If you live in an older city, especially one on the East Coast, you might walk over them everyday without paying much attention. The flagstones, cobblestones, and bricks that make up historic urban streets bestow an earthly charm on any neighborhood. But according to an architectural historian studying the progression of pavement throughout the United States, and compiling it as part of a comprehensive website, these bricks and stones symbolize nothing less than the growth of the modern city.
"As cities industrialized and the population increased, they struggled to accommodate the tens of thousands of people who moved in," says Robin Williams, Chair of Architectural History at the Savannah College of Art and Design. "Pavement became one of the foundation stones of a healthy modern environment."
Williams’ interest was initially sparked by an odd shape he kept noticing in the pavement in the idyllic downtown of his hometown of Savannah, Georgia. He wrote a paper about the city’s historic streets for a local history conference a few years ago—the black triangle of asphalt blocks was designed to keep the street parallel with turning wagon wheels—and has been pouring over the topic ever since, leading to a notes, research, and photos he’s collecting on a new website, Historic Pavement, a dry run for a potential book on the subject. Covering roadways built between roughly 1850-1920, the ongoing project investigates the period when the modern city was built.
Taking an encyclopedic approach, the site chronicles and collects different types of pavement, bricks, curbs, and sidewalks, as well as city maps tracing the location of historic pavement. While some may think that if you’ve seen one brick, you’ve seen them all, there are intense regional variations on display, from blue-gray, all-iron scoria bricks on Philadelphia streets to the flecked, ochre lanes of chipseal found in St. Louis. Coastal cities had cobblestones, for instance, since they were initially used as ballast for ships.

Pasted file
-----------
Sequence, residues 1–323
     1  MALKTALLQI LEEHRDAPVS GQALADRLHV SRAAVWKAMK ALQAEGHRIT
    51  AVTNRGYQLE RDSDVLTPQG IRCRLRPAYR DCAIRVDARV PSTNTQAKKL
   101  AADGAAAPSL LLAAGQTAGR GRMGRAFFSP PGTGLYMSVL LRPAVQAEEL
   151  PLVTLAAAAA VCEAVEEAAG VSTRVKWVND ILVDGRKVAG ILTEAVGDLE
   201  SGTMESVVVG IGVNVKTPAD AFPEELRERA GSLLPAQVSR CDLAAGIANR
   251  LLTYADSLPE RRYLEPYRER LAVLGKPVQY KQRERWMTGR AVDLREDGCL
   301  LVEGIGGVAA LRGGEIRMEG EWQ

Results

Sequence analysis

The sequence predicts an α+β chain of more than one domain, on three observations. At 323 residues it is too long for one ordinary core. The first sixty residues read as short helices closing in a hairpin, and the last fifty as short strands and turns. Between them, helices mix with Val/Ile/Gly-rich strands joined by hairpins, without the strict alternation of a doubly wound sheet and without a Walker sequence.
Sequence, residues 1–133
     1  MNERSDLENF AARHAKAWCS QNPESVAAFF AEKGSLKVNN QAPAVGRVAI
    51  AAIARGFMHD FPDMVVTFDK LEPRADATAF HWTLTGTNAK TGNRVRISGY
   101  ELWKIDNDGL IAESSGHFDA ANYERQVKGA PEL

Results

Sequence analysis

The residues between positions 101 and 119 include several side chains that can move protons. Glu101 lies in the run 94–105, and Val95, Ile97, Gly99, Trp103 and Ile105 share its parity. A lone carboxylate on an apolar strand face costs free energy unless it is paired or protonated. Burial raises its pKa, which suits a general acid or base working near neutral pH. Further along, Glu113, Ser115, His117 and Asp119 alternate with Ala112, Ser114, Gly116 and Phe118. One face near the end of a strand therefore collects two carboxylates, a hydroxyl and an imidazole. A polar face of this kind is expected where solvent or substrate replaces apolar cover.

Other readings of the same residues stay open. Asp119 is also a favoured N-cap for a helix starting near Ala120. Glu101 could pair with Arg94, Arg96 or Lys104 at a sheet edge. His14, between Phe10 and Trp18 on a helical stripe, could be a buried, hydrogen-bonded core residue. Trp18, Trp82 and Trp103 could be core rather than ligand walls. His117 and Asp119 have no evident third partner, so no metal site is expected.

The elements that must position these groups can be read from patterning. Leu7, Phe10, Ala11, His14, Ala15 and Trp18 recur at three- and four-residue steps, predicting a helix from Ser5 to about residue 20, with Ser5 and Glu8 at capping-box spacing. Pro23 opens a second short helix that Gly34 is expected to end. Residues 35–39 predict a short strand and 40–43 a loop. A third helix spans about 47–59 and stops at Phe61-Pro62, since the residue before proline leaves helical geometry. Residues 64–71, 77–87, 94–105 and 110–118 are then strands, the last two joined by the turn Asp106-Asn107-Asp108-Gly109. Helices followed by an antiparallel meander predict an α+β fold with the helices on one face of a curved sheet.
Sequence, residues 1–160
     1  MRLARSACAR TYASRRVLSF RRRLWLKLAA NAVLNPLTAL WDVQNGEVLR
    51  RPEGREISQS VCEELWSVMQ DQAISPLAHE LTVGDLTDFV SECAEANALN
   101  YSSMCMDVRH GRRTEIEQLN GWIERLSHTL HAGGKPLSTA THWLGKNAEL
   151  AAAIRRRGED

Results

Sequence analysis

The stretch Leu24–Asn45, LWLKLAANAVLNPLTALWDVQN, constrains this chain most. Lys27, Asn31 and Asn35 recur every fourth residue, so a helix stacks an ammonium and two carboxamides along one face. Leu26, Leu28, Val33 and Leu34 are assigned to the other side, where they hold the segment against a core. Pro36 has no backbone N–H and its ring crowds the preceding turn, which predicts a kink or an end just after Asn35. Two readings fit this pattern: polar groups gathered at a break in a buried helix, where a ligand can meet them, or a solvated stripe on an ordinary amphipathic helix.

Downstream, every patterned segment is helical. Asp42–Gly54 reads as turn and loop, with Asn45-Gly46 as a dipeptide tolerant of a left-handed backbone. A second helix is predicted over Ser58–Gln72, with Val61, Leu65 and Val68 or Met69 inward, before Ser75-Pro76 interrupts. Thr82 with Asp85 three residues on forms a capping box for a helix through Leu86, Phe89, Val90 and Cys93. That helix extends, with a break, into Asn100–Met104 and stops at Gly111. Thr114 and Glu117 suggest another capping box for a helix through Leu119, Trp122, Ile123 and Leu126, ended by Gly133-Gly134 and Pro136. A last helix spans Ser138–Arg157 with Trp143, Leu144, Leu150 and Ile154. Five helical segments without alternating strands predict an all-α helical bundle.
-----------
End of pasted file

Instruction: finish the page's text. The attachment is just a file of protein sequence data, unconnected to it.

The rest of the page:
"Today, there’s all this focus on locally made, local cuisine," says Williams. "Pavement during that period was intensely local."
Before roadways became standardized with the adoption of asphalt, national highways, and federal road guidelines in the early 20th century, these varied forms of brick and stone paving represented modernity, replacing an early urban reality of muddy roads, dusty streets, and inefficient transportation systems. Now seen as quaint additions to the streetscape, these bricks and stones once represented the cutting-edge of transportation tech.
"Today, with rubber tired vehicles, the engines are louder than wheels hitting the pavement, and driving is white noise," says WIlliams. "But back then, people got angry about the noise pollution. I’ve found court cases dealing with the sound of horse hoofs hitting brick pavement."